At Burrill's Personalized Medicine conference last Septemeber, as I reported here, there was quite a break in tone from previous conferences.  After that we couldn’t reach some of our steady contacts in the media division.  On December 3rd, Luke Timmerman, biotech editor at Xconomy wrote a piece, Burrill VC Fund Splits into New Firm, Biomark, after Short Marriage.  Timmerman interviewed Steve and partner David Wetherell for the piece and even probed them to see if there were any “disagreements” over startegy with what was called the Burrill Capital Fund IV.  

“No,” came Wetherell’s answer.

Well, it turns out there were already problems with Fund III.  According to the Forbes piece, Burrill and Co’s managing partner, Ann Hanham “discovered that a substantial portion of the money that had been raised from Fund III limited partners had gone missing.”  Hanham’s number?  About $20 million.  

In what appears to be the most damning evidence against Steve are quotes from an email he himself wrote urging Hanham and her colleagues not to report the missing funds to the investors.

“We can earn our way out of trouble,” Steve wrote.  “What we need is revenue to solve our problems n just timely enough to meet any capital calls which might be needed . . . Each of u are part of the solution.”

I've heard it said around the industry that Steve doesn’t hire anyone who will give him trouble.  Perhaps that all changed with Ann.

So far it’s a "she said" story without the "he said."   But with some big consequences.  The investors of Fund III have heard enough to be convinced that they are done with Steve.

Steve has been using the title, CEO of Burrill Media.  As Timmerman reported back in December, Steve had let go some of the media staff and made contractors out of the rest in what he called a "rightsizing."   For example, Danny Levine has moved on to create his own company, but still produces the weekly podcast for The Burrill Report.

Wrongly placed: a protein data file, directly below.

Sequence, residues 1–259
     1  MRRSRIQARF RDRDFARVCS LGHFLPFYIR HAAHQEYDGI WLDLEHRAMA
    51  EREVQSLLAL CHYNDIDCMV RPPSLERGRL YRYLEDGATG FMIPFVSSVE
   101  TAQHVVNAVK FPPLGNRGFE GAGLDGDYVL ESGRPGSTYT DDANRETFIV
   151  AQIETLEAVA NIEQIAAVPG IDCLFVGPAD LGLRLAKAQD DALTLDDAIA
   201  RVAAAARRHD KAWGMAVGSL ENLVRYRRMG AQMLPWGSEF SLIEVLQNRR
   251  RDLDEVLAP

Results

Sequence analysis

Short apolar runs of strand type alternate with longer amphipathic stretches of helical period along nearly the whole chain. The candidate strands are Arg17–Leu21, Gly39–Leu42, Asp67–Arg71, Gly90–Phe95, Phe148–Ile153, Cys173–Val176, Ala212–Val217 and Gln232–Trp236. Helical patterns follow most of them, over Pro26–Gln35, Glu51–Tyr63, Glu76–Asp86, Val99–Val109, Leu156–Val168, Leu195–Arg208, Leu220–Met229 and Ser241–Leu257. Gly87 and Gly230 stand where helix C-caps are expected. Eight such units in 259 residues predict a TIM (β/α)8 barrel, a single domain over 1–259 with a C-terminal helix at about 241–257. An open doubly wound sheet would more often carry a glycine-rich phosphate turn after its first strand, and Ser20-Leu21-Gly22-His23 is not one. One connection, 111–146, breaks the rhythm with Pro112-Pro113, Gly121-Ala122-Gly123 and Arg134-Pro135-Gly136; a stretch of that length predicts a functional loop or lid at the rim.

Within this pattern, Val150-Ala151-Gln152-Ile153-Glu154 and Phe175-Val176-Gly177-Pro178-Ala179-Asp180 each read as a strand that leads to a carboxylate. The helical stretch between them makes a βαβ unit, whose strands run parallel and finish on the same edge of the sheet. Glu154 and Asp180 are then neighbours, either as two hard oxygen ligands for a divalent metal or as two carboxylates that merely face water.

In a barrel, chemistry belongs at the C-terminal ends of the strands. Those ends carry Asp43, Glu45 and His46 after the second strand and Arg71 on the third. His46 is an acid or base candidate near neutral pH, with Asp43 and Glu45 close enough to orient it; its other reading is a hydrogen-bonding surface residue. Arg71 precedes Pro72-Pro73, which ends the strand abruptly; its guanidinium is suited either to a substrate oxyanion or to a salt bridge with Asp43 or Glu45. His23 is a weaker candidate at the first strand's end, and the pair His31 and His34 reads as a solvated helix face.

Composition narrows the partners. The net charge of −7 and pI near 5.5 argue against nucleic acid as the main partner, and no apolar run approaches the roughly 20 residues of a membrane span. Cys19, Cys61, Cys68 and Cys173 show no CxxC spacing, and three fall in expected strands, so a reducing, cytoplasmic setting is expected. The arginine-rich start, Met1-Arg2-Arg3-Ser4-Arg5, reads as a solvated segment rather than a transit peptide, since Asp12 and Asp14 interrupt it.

I interviewed Steve just last month to go over his annual book (which came out on time), and Steve carried on pretty much as usual.  I noticed in his email signature that his address had changed from the 27th floor of the prestigious One Embarcadero Center building to a “Suite 120” in The Presidio.  A fire engine siren sounded during the interview.  With the address change, I obvserved to Steve that he must be down on the ground floor now.

“Yes.  I’m very grounded now,” he replied.

 

Some Glimpses into the Challenges of Data Visualization Panel Event

Author: 
Theral Timpson

Big Data might offer tremendous breakthroughs in healthcare and personalized medicine.  But with the new amounts of terabytes and petabytes flooding organizations today, old architectures aren't able to keep up.

Take the genome, for instance.  We know that there is a ton of valuable information in there.  But how does one go about looking at it?  Doctors have very little time as it is, and decision making becomes a burden becuase it takes days to get answers to questions, if at all.  And what about the opportunity to get genomic data to the lay person as 23andMe was doing?  

On June 5th, about sixty of us turned the Oakland office of Omicia into an event venue for networking and a discussion, "Delivering Genomic Medicine: Challenges in Data Visualization and Reporting."